When we are deciding between purchasing organic food and regularly grown food we may feel that extra cost with the organic is not worth paying. We may conclude that food that has been treated with pesticides must be safe, or it would not be for sale. Generally speaking governments are not inclined to allow any food that will harm us, but there are a number of factors involved. We'll talk about some of those factors here and what may be involved when it comes to a product that has so-called “safe pesticides”.

1. Methods of testing. It's true that science has moved ahead dramatically in testing methods in the last few years. Unfortunately not all of these methods are being used today. Much of the testing is done by feeding animals the chemical being tested, then after slaughter checking their organs under a microscope to examine the effects. Also, there are about 80,000 registered chemicals used in the United States. Only a few hundred of them are tested for safety, and most toxicologists agree that those testing methods are inadequate.

2. What is an “insignificant amount” of pesticides? Chemicals are often tested to find out the level at which they are no longer harmful. Typically that's amount will be reduced and considered insignificance quantity. But surely lowering the dose and calling it safe is not always going to make it safe. Some chemicals such as endocrine disruptors fall into the category of chemicals that are actually as hazardous to your health when consumed in smaller quantities.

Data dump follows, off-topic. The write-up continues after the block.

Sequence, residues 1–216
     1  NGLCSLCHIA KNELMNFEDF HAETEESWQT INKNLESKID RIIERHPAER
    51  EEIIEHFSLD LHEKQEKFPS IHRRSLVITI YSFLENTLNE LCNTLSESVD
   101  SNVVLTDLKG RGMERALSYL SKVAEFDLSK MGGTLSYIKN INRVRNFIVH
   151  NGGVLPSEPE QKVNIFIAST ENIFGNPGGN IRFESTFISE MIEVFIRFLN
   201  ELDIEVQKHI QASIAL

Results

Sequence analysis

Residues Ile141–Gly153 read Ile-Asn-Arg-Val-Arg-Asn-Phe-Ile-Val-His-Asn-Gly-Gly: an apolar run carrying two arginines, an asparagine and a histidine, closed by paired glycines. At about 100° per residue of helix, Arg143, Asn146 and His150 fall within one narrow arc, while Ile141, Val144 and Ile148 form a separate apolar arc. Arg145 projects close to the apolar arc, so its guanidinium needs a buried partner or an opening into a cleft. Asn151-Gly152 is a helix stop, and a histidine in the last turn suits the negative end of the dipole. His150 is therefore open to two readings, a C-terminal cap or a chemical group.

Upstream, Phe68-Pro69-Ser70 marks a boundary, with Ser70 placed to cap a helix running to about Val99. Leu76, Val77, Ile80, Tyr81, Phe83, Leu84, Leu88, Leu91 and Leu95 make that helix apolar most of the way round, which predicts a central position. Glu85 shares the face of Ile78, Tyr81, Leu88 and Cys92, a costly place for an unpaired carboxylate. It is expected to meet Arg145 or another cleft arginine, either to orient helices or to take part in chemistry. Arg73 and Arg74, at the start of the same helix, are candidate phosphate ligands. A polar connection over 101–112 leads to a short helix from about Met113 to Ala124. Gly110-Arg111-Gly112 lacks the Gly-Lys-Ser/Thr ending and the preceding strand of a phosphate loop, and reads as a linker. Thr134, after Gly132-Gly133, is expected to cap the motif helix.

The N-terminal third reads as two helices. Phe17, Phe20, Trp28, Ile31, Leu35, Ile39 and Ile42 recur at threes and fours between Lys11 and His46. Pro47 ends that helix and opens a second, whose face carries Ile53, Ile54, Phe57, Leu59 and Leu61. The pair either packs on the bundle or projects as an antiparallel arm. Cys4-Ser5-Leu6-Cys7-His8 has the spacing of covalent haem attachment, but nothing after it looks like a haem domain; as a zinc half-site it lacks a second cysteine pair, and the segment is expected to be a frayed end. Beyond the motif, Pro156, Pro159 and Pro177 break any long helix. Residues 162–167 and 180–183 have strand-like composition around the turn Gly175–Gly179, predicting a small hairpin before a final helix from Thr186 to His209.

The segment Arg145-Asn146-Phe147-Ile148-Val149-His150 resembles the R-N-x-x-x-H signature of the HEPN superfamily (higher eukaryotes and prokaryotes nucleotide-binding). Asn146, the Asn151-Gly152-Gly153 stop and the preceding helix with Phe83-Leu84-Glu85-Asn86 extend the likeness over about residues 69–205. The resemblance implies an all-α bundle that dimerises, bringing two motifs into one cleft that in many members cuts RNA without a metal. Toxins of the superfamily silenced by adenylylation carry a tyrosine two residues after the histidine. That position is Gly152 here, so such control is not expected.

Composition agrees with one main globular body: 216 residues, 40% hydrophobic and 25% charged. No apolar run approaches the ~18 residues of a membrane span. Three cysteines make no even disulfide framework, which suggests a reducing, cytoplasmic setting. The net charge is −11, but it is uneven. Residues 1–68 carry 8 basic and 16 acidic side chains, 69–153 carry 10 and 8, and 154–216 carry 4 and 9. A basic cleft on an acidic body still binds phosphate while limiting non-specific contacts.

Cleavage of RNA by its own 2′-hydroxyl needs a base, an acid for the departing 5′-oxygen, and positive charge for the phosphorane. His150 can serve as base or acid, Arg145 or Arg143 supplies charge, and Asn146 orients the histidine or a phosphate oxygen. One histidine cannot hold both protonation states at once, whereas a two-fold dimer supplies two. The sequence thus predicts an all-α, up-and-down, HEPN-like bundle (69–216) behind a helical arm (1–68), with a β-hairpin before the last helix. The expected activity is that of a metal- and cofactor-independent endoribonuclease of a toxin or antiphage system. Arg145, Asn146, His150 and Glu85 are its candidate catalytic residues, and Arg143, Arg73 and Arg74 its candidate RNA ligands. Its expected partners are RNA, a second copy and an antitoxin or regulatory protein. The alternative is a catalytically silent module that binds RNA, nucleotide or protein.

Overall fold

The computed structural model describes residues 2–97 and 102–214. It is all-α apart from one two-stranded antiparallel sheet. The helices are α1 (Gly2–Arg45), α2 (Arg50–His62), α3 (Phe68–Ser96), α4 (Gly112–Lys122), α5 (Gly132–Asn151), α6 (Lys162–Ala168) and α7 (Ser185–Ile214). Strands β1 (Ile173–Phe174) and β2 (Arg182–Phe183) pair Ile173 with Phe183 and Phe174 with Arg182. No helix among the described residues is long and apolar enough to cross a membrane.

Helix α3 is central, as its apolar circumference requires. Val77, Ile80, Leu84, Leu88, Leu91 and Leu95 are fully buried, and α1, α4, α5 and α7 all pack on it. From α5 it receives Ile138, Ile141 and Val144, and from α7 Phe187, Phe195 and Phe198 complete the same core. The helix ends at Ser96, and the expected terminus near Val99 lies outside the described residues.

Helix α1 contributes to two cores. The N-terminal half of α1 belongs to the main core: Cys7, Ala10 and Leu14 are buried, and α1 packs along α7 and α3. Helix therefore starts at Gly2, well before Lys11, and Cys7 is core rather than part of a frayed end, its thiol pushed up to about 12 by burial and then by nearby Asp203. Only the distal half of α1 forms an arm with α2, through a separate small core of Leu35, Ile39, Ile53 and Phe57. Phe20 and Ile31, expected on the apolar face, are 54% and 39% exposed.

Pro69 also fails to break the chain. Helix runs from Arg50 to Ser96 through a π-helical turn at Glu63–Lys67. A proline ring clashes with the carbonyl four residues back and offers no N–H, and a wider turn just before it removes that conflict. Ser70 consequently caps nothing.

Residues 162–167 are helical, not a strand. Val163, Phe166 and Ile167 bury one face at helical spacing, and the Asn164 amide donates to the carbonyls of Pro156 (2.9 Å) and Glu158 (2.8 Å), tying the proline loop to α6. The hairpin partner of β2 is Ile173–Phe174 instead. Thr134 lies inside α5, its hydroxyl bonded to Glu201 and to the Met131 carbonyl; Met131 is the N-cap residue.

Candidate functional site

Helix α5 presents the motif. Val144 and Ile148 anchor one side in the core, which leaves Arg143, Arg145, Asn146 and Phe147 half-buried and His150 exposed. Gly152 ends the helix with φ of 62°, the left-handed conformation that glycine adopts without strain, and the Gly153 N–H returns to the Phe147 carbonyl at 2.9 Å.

3. Do pesticides really break down? Defenders of the method of testing chemicals say that the neurochemicals that are used now are biodegradable and break down, which is unlike the older varieties of chemicals. But residual levels of these chemicals can be found in the food and the water and soil where they are used. And most importantly they do not really disappear when they are in the human body. Often when they break down they do so in other forms that are suddenly much more toxic than the original.

4. How “regulating” are the regulatory authorities. Unfortunately as with all regulatory bodies there are often conflicts of interest. There have been numerous incidents of studies used on chemicals that have been submitted to them by the manufacturers being investigated. It is unquestionably these chemical manufacturers are going to be completely upfront in their studies. Methodologies that are used to establish safe residue levels are too often not completely free of false assumptions. Evidence of that is in the discrepancy of findings of agencies of different countries.

One of the knockings on organic farming is that it is less efficient and produces lower yields. Even on the short-term that arguments can be questioned, but in the long-term properly supporting the health of the soil can have greater long-term benefits. By organically building the soil we will leave it more productive for future generations, and although shorter-term profits usually seem to be the order of the day, sooner or later we'll have to look at things more long-term.